Four Things You Might Not Know (But Should Know) About Chlamydia

Chlamydia is a bacterial infection that is typically spread through sexual contact. It can affect both men and women, and according to the CDC, there are about 4 million new cases of Chlamydia in the United States each year. Though Chlamydia is treatable with antibiotics, many patients go without treatment, either because the disease does not cause them to develop any symptoms, or because they are unaware that what they're experiencing is abnormal. If you're a man or women who is sexually active or plans to be in the near future, it's important to know a bit about Chlamydia, how it is spread, and how it is treated. These four facts will get you off to a good start.

The symptoms of Chlamydia vary from person to person.

Some people fail to seek treatment for Chlamydia because they talk to friends who have had it and figure that since their symptoms are different, they must not have the disease. However, the symptoms of Chlamydia can vary wildly between individuals. Males often show no symptoms, but possible symptoms can include:

  • Pain in the testes
  • A burning sensation during urination
  • A white, clear, or yellow discharge from the penis

Women are more likely to show symptoms than men, and those symptoms often include:

  • Painful intercourse
  • Pain or a mild to moderate burning sensation during urination
  • A yellow vaginal discharge or excessive white vaginal discharge
  • Fever
  • Nausea
  • Abdominal pain
  • Bleeding or spotting between periods

You can get a Chlamydia infection in your throat, rectum or eye.

Chlamydia is not just spread through vaginal sex. It can also be spread through anal or oral sex, too. If you have oral sex with a person infected with Chlamydia, you may develop a throat infection that causes burning of the throat, coughing, and itching. If you have anal sex with someone who has Chlamydia, you may develop an infection in your rectum or anus, leading to discharge, pain during defecation, bleeding, and discomfort when sitting.

Chlamydia can also cause conjunctivitis or pink eye. Generally, Chlamydia of the eye happens when vaginal or penile fluids are accidentally introduced to the eye during intercourse. Symptoms include redness of the eye, a yellow discharge from the eye, and swollen eyelids.

These infections are treated the same way as Chlamydia infections of the reproductive organs: with antibiotics. Tetracycline is typically used, though erythromycin or doxycycline may be used in patients who do not tolerate tetracycline well.

Pregnant women can pass on Chlamydia to their babies, with deadly consequences.

If you have Chlamydia and leave it untreated and then you become pregnant, you are putting your child at risk. About half of babies born to mothers who are infected with Chlamydia end up contracting Chlamydia, and this can have deadly consequences. Between 5 and 30 percent of babies who contract Chlamydia during birth develop pneumonia, which is dangerous and hard to treat in newborns.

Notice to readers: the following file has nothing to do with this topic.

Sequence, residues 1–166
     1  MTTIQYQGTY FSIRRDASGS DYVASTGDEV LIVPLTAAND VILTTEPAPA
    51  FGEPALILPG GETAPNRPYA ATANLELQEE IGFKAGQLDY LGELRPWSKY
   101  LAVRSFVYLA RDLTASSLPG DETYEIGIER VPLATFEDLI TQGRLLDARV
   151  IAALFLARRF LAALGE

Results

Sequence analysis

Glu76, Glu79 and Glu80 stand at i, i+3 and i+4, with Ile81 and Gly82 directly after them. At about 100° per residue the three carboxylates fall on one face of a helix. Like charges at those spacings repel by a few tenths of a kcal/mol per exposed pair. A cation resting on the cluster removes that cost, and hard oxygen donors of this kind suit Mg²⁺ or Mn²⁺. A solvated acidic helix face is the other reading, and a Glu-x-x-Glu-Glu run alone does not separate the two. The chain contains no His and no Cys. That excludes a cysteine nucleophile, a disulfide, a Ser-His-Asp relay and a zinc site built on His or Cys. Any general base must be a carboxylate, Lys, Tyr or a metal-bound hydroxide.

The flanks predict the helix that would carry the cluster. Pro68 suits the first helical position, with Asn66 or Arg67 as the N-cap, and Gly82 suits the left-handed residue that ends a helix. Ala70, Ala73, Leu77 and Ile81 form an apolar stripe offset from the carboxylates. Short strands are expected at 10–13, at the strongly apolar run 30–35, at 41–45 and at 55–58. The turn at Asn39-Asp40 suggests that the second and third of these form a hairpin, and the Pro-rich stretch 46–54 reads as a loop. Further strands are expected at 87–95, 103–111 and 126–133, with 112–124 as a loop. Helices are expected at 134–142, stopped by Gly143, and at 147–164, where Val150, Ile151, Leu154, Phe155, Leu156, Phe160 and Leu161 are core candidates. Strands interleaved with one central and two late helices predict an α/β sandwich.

Sometimes, babies of mothers who have Chlamydia do not even make it to their due date. Pregnant women with Chlamydia often have preterm births, miscarriages, and leaking of the amniotic fluid. If you've been sexually active with multiple partners and are now thinking of becoming pregnant, it's wise to be tested for Chlamydia first, just to ensure the safety of your baby.

Condoms do not entirely eliminate the risk of contracting Chlamydia from an infected partner.

It is always wise to use condoms during sex, as they reduce the risk of contracting a sexually transmitted infection. However, it's important to understand that using condoms does not make it impossible for you to contract Chlamydia. In one study, 10% of participants who used condoms correctly and consistently still contracted Chlamydia after having intercourse with an infected partner.

If you're suffering from what you expect to be symptoms of Chlamydia, get tested whether or not you used a condom during intercourse. You should also get tested yearly regardless of the presence or absence of symptoms and regardless of your condom use. Of course, you should also continue to use condoms, since they do reduce your risk of Chlamydia and other STIs. 

Chlamydia is a common, yet curable, STI that affects men, women, and unborn children. Be sure to get tested for this disease regularly if you're sexually active. You'll be protecting your future children and your future partners, as well as your own body.

For more information about getting tested and treated, visit

About Me

Tips for people who think They Have "Bad Health Luck"

While my parents took care to keep my home sanitary, feel my family nutritious meals, and encourage us all to get some healthy exercise outdoors, I always felt like I had "bad health luck." During my childhood, it felt like I was always coming down with one illness after another, and while thankfully, there were great treatments for most of them, I was envious of other children who seemed to never get sick. During my teenage years, my health improved, but as an adult, it seems like my "bad health luck" has returned. However, I try to find a "silver lining" in everything and, for me, that was the inspiration to learn a lot about diseases, disorders, and other health problems. To help others suffering from health problems, I decided to share the health knowledge I have accumulated over the years on a blog!